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“Smurfs 2” – A sequel to the surprisingly not-terrible 2011 kiddie blockbuster is, sadly, just as pointless, unnecessary and, yes, lame as anyone over the age of 6 might have anticipated. Yawn. (C-).
“2 Guns” – An homage to the stripped down, unapologetically nasty (and “R”-rated), down-and-dirty genre flicks directors like Don Siegel (“Dirty Harry”), Walter Hill (“The Driver”) and Sam Peckinpah (“Straw Dogs”) were making in the 1970’s. (30 minutes in, I’d already come up with a new, and infinitely better, title: “Bring Me the Head of Charley Varrick.”) Mark Wahlberg and Denzel Washington are in top form, and I wouldn’t mind seeing them pair up for an eventual sequel. But the film is stolen by the deliciously venal bad guys: Bill Paxton, Edward James Olmos and James Marsden. The script is tricky and full of double and even triple crosses, yet it’s never too clever for its own good. The whiff of paranoia emanating from its core–a keen distrust of virtually every American institution/agency (the CIA, the DEA, the military)–is very 70’s, too, and even the objectification of its dominant female presence (the lovely Paula Patton) feels very Peckinpah-ish. You keep waiting for it to fall apart by succumbing to the 21st century Hollywood action movie tendency to go big, bigger, biggest, but it never really does. In fact, the best scenes are intimate 2-and-3 handers shot in tightly enclosed interiors. The film’s essential modesty and singular lack of pretension save the day. (B+).
New on DVD:
“Mud” – Two fourteen year-old boys (refreshingly natural screen newcomers Tye Sheridan and Jacob Lofland) help a fugitive (a wildly charismatic Matthew McConaughey) reunite with an old girlfriend (Reese Witherspoon, deeply moving). Director Jeff (“Take Shelter”) Nichols’ unerring touch with regional details and flavoring–it was shot on location in the backwaters of Mississippi–helps catapult this indie sleeper into near-classic status. (A).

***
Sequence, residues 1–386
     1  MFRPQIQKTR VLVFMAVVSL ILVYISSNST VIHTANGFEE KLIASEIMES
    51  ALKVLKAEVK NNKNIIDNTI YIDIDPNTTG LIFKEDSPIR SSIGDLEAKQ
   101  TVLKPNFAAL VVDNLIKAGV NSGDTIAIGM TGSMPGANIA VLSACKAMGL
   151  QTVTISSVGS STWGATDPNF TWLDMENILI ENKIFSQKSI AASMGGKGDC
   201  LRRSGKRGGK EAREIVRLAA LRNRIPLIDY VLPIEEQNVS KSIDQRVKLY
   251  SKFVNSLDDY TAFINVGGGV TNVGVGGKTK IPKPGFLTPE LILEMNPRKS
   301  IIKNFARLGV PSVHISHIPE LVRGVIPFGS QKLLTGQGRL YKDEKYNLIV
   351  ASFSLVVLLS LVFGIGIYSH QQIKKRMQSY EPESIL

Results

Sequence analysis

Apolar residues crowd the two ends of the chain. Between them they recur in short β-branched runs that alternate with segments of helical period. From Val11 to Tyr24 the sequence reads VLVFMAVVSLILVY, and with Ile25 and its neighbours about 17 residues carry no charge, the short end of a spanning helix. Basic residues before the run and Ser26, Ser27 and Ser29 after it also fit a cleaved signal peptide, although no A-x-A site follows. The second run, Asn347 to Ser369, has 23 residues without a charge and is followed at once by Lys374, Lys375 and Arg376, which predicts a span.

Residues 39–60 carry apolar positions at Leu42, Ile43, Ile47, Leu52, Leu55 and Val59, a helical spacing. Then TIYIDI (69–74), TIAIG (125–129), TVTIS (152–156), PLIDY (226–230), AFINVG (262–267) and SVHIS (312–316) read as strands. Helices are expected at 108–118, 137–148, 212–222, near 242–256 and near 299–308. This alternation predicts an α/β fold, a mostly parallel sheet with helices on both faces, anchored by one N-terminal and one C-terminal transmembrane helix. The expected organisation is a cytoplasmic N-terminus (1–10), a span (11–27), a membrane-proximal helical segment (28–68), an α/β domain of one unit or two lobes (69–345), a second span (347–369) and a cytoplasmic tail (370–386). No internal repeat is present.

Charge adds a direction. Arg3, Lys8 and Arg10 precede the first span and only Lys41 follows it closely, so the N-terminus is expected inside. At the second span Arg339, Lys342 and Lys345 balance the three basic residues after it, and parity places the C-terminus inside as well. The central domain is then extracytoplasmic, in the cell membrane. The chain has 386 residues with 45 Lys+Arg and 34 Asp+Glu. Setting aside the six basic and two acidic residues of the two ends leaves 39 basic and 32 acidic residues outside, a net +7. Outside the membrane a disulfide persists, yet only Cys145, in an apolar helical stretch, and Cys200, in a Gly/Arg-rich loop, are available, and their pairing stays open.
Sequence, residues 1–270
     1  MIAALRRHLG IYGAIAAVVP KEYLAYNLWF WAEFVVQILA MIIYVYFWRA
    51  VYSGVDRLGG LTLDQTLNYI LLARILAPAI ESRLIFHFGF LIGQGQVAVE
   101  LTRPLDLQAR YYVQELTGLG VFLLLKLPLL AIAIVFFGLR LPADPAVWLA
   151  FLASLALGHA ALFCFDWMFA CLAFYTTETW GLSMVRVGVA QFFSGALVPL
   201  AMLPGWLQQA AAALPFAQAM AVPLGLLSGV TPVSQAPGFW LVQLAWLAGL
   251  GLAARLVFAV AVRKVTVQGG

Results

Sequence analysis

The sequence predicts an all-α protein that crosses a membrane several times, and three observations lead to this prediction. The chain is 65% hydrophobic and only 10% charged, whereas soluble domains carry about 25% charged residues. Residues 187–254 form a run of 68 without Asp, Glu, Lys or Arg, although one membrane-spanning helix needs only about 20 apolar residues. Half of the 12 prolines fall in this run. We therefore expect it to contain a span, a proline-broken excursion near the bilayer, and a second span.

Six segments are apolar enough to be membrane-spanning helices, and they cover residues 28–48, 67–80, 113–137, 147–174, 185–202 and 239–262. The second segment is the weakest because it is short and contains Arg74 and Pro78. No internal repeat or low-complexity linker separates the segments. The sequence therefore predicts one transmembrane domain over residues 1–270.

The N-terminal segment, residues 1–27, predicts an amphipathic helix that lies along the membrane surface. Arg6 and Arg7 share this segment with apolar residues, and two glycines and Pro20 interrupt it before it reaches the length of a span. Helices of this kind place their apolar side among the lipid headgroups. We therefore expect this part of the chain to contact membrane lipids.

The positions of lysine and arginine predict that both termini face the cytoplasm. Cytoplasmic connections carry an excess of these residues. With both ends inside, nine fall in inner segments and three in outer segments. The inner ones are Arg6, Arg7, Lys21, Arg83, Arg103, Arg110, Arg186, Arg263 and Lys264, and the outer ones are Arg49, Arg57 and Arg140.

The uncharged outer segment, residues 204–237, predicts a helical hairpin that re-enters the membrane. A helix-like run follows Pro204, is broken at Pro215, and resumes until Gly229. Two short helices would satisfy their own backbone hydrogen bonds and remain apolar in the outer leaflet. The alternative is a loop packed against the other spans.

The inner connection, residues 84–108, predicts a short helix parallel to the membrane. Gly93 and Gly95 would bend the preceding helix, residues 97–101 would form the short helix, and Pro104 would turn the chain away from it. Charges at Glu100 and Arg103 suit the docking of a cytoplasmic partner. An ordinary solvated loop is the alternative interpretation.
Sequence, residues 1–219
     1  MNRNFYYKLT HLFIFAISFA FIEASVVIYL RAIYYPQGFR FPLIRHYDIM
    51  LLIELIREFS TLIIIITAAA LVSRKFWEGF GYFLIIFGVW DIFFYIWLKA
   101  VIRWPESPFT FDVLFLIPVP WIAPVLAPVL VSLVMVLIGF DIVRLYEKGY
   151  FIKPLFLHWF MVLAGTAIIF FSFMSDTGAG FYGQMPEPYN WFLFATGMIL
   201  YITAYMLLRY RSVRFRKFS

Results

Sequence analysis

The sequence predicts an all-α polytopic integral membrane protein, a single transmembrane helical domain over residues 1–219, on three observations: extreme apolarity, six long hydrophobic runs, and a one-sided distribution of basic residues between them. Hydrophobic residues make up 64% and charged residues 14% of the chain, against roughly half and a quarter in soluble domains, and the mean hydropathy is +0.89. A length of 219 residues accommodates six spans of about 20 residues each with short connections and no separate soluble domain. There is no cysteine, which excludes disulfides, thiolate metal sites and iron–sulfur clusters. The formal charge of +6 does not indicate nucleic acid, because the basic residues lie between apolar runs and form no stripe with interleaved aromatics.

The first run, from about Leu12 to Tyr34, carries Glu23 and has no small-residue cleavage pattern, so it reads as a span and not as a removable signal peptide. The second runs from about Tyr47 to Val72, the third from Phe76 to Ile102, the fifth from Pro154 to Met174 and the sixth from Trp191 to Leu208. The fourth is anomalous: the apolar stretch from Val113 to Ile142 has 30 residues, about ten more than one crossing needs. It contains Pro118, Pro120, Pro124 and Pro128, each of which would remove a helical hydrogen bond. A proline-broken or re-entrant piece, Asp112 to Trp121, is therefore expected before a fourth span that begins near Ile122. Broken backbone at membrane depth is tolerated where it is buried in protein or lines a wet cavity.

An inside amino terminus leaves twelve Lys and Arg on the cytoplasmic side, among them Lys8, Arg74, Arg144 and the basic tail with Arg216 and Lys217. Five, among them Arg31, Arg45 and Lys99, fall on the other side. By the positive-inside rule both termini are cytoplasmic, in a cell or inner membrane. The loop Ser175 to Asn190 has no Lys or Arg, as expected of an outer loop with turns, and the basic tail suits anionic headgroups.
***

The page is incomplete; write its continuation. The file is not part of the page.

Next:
“Oblivion” – Another dystopian sci-fi adventure flick, this one directed by Joseph (“Tron Legacy”) Kosinski and starring a seen-better-days Tom Cruise. Pretty to look at–Kosinski definitely has an eye–but overly derivative (the plot feels cobbled together from a half-dozen other movies), hard to follow on a scene by scene basis and ultimately just kind of dull. I was just grateful that it wasn’t in 3-D. (C).
“On the Road” – Walter (“The Motorcycle Diaries”) Salles’ shiveringly gorgeous adaptation of the iconic Jack Kerouac novel brings the Beat Generation to vivid–and intoxicatingly erotic–cinematic life. Director of photography Eric Gautier may be the single greatest cinematographer working today. (A).
“The Place Beyond the Pines” – Like director Derek Cianfrance’s 2010 début, “Blue Valentine,” this lengthy, episodic adult drama burns with the filmmaking heat–and hubris–of the New Hollywood era. While densely novelistic in texture (think a testosterone-amped Joyce Carol Oates) and splendidly acted, it suffers from a schematic structure that gives you nothing to chew on afterwards. Cianfrance and his marvelous cast (including Ryan Gosling, Bradley Cooper, Eva Mendes and Dane DeHaan) held me in their grip for nearly two-and-a-half hours, but I had a hard time believing their overly determined narrative. (B).
“To the Wonder” – Another exquisitely beautiful, deeply poetic work by master filmmaker Terrence (“The Tree of Life,” “Days of Heaven”) Malick, the contemporary cinema’s foremost transcendentalist. The very fine cast includes Ben Affleck, Rachel McAdams, Olga Kurylanko and Javier Bardem, but the true star of any Malick film is Malick himself. Long may he run. (A).
“West of Memphis” – Even if you’ve seen Joe Berlinger and Bruce Sinofsky’s “Paradise Lost” trilogy, this Peter Jackson-produced documentary about the West Memphis Three still has considerable staying power. And if you haven’t seen any of the “Paradise Lost” films, you truly can’t afford to miss it. (B+).